By Ann Marie Foley - 23 August, 2018
The family is not a closed place but must always be missionary and have that same drive towards the periphery, towards those who are marginalised – Archbishop Diarmuid Martin.
Bells rang out all over Ireland to mark the opening of the 9th World Meeting of Families on Tuesday 21 August. Each of the 26 diocesan cathedrals hosted a special liturgical ceremony with Evening Prayer entitled Le chéile le Críost (Together with Christ).
The liturgical celebrations reminded those present that they walk in the footsteps of the saints and those who have handed on the faith.
The ceremonies involved singing and praying hymns, psalms and canticles, burning incense and praying for the entire human family before God and Father.
Representatives from each parish were present as well as international pilgrims at the opening Evening Prayer at the RDS, Dublin. There, Most Rev Diarmuid Martin, Archbishop of Dublin, welcomed everyone, noting that after many months of preparation, the World Meeting of Families had arrived.
He said that there are people who would look at the World Meeting as “some sort of ideological gathering to celebrate a type of family which probably does not exist”. However, he said: “The family is not a remote ideological notion but the place where compassion, kindness, gentleness, patience and forgiveness are learned, practised and spread.”
This is not so easy and people struggle, fail and are unfaithful. St Paul recognises that people fail, but stresses that what is important is that efforts are “clothed” in love.
“Only the power of love can purify and restore and heal our weakness,” Archbishop Martin explained.
He added that the World Meeting of Families “is called to challenge all our stereotypes. The family is not a closed place but must always be missionary and have that same drive towards the periphery, towards those who are marginalised, which Pope Francis presents as a fundamental dimension of the Church.”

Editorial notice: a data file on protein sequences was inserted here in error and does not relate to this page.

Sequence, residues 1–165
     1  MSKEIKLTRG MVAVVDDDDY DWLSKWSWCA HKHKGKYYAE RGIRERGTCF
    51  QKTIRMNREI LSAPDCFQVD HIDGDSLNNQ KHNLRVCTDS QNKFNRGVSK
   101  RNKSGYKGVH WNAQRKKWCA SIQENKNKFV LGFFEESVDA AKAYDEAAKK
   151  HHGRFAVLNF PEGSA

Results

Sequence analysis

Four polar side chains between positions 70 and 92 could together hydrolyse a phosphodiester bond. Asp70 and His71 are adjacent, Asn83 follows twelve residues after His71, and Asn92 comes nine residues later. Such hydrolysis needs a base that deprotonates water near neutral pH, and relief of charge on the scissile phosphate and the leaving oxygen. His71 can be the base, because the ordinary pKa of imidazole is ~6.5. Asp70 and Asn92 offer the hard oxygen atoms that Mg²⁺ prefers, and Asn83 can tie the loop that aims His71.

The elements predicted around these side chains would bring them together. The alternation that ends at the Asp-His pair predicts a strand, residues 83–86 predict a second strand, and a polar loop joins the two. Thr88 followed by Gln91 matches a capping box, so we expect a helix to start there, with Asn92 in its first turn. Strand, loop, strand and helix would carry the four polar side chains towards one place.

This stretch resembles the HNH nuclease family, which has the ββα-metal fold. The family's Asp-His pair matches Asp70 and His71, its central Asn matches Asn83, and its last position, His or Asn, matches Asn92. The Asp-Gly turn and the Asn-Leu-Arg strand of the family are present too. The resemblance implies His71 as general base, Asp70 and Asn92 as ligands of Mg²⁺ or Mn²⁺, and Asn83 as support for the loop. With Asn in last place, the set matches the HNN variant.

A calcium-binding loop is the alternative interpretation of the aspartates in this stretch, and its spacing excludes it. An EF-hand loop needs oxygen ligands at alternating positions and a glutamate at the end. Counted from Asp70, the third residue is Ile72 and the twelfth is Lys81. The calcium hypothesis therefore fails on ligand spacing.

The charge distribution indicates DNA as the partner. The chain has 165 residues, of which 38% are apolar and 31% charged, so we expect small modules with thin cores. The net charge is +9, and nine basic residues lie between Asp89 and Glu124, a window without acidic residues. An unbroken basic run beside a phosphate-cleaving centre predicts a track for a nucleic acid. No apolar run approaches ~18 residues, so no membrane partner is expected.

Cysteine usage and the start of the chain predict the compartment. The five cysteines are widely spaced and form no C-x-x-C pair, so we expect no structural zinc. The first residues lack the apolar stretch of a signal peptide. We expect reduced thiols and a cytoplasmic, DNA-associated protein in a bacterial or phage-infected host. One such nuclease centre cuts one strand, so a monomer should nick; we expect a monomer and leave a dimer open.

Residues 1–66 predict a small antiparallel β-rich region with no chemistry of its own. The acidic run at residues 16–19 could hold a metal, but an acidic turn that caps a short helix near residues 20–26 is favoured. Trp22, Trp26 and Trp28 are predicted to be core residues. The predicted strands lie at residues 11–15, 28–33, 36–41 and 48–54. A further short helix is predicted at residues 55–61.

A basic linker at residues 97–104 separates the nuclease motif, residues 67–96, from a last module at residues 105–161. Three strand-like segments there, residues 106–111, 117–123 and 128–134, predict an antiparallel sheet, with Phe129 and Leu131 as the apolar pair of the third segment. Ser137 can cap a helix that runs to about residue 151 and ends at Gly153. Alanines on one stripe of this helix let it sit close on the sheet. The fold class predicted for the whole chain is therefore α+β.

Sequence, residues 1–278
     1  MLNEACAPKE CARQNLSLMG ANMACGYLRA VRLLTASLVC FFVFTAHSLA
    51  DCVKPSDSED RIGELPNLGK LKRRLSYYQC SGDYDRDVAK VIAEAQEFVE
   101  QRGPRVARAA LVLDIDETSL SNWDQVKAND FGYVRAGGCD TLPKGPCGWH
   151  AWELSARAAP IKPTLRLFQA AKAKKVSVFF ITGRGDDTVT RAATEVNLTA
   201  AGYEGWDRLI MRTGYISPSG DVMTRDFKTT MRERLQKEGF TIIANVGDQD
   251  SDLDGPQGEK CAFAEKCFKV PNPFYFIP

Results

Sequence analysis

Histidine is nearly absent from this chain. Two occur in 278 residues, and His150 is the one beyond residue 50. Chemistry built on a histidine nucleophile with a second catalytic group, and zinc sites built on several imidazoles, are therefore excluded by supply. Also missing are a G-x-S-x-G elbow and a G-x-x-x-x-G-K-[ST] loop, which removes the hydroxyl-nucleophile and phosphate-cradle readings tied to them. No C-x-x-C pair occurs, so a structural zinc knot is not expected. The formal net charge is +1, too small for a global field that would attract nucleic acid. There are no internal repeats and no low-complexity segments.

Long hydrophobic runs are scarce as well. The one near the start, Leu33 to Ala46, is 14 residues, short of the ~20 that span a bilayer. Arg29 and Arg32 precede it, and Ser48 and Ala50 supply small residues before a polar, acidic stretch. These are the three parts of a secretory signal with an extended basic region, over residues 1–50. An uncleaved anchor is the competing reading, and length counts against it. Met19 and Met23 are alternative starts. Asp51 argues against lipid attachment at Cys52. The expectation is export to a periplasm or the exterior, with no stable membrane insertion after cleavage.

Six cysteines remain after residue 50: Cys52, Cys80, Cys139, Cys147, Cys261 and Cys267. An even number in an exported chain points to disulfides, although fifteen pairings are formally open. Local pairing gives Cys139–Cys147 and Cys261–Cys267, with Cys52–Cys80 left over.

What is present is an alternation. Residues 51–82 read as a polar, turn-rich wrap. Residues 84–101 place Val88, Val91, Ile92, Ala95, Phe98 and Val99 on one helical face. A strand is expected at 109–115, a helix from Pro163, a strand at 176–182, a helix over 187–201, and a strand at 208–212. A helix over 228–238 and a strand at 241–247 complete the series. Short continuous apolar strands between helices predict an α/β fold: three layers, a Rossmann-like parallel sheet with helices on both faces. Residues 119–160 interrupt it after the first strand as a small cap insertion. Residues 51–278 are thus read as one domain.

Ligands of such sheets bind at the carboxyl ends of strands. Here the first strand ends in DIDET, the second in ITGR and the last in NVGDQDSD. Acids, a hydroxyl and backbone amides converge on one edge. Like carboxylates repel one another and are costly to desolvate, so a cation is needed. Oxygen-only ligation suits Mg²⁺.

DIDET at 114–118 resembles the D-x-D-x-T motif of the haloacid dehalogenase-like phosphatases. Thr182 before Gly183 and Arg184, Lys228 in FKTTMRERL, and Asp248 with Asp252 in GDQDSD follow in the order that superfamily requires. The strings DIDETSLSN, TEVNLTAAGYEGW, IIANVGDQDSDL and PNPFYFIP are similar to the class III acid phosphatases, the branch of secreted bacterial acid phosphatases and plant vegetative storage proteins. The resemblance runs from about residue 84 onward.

At St Eugene’s Cathedral, Derry, Bishop Donal McKeown in his homily expressed the hope that Pope Francis will place a mirror in front of both Church and State.
“I hope he will ask awkward questions and speak the truth in love about how the Church needs to repent and equip itself if it is to be a credible witness of God’s mercy and love in 2018,” he said.
He also prayed that Church and State learn from the mistakes of the past and do not just look backwards or engage in a blame game. Leaders of Church and society are asked in the gospels to “take the plank out of their own eyes first so that they can see where the uncomfortable truth lies”.
He hopes that the World Meeting of Families and the visit of Pope Francis will inspire dioceses, parishes and families to build community in the face of an epidemic of loneliness in a frightened world where harsh words often seem to dominate.
“Some will seek to criticise the messenger in order to avoid engagement with the message. But as we approach important decisions about the future of this island, this World Meeting will challenge us all to prioritise building a healthy society and not just growing market share, to inspire a new generation of Irish people with a vision for the future as we learn from the past,” he said.
He said that WMOF is an invitation for all to reflect – not a time for quick, smart answers but for thoughtful listening. It is also an important stage in an “adult conversation” about what a “new Ireland” would look like.
“It is a key moment in discerning what a renewed Irish Church will look like as it seeks to play a positive and prophetic role in civic society,” he said.
Some 37,000 people from 116 countries across 5 continents have registered to attend the 3-day Pastoral Congress at the RDS in Dublin . Not all of the 15,000 overseas visitors had arrived on Tuesday evening, but there were already many from Canada, France, Poland, Guatemala and France.
Gerard and Rita McCarthy, an Irish–Canadian couple from Newfoundland, were at what was their second World Meeting of Families. They have been helping troubled couples for the last 15 years and said they have seen many instances of healing grace. Also present were 21 pilgrims from all across Nigeria, accompanied by Archbishop Valerian Okeke, from Onitsha, Archbishop Augustine Akubeze of Benin City and Fr Michael Madu.